• Annatto, a carotenoid based, yellow-to-orange food coloring and flavor. It is derived from the seeds of the Achiote trees. Historically, it has been used as coloring in many cheeses, like in cheddar, gloucester, and red leicester. Annatto can also be used to color rice, custard, baked goods, seasonings, and potatoes.
  • Betanin (indole derivative based) is extracted from beets and gives colors to ice cream and soft drinks. Plant physiologists are uncertain of the function that similar compounds serve in plants which possess them, but there is some preliminary evidence that they may have fungicidal properties.
  • Green food color chlorophyllin comes from algae, where it is an extremely important biomolecule, critical in photosynthesis, that allows plants to absorb energy from light.
  • Anthocyanins are the most abundant phenolic compounds and are present in many berries. They provide all sorts of shades of bordeaux and purple in our food.
  • Lycopene comes from the tomato. It is a bright red carotenoid pigment also present in vegetables, such as red carrots, watermelons and papayas. Like all carotenoids, lycopene is a polyunsaturated hydrocarbon with conjugated double carbon-carbon bonds.

Another natural red coloring used in the food industry is carmine, a bright red dye. Surprisingly, it comes not from plants, but from the cochineal insect Dactylopius coccus, and is used in coloring a variety of red confectioneries. Other common yellow-colored metabolites are curcumin and lapachol, natural phenols responsible for the yellow color of turmeric and the bark of lapachol tree.

In photosynthetic tissues (such as leaves and sometimes stems), pigment flavonoids and anthocyanins have been proven to act as a "sunscreen" protecting cells from high-light damage by absorbing blue-green and ultraviolet light. This has been shown to occur in red juvenile leaves, autumn leaves, and broad leaf evergreens that turn red during the winter. The red coloration of leaves has been also proposed to possibly camouflage leaves from herbivores blind to red wavelengths, or signal unpalatability, since anthocyanin synthesis often coincides with synthesis of unpalatable phenolic compounds [2].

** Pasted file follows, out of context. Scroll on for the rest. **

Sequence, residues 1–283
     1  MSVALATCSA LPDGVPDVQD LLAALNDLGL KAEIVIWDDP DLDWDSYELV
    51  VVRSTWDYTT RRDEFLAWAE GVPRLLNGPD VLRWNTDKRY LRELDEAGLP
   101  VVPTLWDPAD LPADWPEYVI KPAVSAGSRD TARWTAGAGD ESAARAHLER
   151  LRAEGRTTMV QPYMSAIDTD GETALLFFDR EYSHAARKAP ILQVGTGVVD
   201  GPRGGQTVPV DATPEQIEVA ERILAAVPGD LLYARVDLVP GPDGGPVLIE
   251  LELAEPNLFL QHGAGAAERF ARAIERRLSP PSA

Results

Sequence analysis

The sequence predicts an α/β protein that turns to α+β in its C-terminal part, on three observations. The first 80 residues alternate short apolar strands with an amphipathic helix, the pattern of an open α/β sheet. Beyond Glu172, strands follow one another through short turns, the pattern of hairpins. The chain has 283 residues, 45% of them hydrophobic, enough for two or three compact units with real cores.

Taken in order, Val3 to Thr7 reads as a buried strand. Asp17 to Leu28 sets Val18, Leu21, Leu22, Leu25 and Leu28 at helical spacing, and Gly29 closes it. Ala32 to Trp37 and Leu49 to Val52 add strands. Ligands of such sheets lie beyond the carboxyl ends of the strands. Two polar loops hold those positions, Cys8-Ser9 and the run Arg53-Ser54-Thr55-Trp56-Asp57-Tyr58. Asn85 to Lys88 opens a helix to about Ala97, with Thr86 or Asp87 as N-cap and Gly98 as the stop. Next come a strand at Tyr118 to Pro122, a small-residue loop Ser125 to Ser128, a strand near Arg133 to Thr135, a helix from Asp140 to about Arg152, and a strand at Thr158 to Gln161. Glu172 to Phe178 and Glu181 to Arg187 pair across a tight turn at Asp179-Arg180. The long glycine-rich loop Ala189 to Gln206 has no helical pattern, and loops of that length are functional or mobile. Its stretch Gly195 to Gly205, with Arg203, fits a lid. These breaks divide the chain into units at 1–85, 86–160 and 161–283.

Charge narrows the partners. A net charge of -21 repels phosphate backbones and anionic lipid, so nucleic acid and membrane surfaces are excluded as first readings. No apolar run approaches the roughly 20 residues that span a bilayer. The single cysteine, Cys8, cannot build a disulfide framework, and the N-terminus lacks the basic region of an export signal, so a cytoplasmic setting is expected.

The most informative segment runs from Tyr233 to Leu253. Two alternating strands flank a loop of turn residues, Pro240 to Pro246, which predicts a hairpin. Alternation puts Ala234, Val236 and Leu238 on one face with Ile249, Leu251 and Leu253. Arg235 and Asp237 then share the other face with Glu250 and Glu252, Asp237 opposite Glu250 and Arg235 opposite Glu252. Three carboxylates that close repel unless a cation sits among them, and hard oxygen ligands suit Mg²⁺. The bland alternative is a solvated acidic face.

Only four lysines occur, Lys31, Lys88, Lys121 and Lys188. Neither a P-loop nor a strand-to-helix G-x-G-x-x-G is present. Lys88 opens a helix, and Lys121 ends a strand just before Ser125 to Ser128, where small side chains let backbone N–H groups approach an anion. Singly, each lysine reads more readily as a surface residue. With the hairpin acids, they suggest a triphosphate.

In plants, algae, and other photosynthetic organisms, β-carotene is responsible for yellow, orange, or red pigmentation, photosynthesis, and photo-protection. Significantly, carotenoids behave as quenchers of singlet oxygen, protecting cells and organisms against lipid peroxidation. β-carotene has also been shown to protect from mitrochondrial DNA mutations associated with photo-aging, which may play a role in carcinogenesis [3].

In various related research, NMR spectroscopy is often used as a powerful tool in elucidating the structure of color-inducing metabolites, particularly to follow the structural changes in the natural compound mixes. In modern structural studies of natural anti-oxidants, a complete 1- and 2D 1H NMR and 13C NMR experiment set is a method of choice. The metabolomics database at the BMRB contains 1H, 13C, 13C DEPT90, DEPT135, TOCSY, COSY45, HSQC, HMBC and HSQC-TOCSY-ADIA NMR spectral data for carotenoid and flavonoid metabolites, including β-carotene (BMRB entry bmse001131). They are presented as time domain data, spectral pictures, and tables of assigned chemical shifts. Similar data are presented for several indole and azulene based color-inducers, curcumin, and other colored food additives.

1. "Natural pigments: carotenoids, anthocyanins, and betalains--characteristics, biosynthesis, processing, and stability.", Delgado-Vargas F et al; Crit Rev Food Sci Nutr. 2000 May; 40(3): 173-289.
2. "Anthocyanin", Sullivan J; ICPS Newsletter 1998 September
3. "Beta-carotene: a cancer chemopreventive agent or a co-carcinogen?"; Paolini M et al, Mutat Res. 2003 Jun; 543(3): 195-200